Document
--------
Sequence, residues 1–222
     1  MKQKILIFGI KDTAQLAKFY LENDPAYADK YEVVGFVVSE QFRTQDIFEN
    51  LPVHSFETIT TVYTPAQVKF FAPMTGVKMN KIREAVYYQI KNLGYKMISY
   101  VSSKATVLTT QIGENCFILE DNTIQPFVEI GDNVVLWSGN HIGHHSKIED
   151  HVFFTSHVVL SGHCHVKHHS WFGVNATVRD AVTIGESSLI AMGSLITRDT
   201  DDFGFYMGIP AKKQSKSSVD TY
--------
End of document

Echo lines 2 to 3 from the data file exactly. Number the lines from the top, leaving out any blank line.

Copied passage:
     1  MKQKILIFGI KDTAQLAKFY LENDPAYADK YEVVGFVVSE QFRTQDIFEN
    51  LPVHSFETIT TVYTPAQVKF FAPMTGVKMN KIREAVYYQI KNLGYKMISY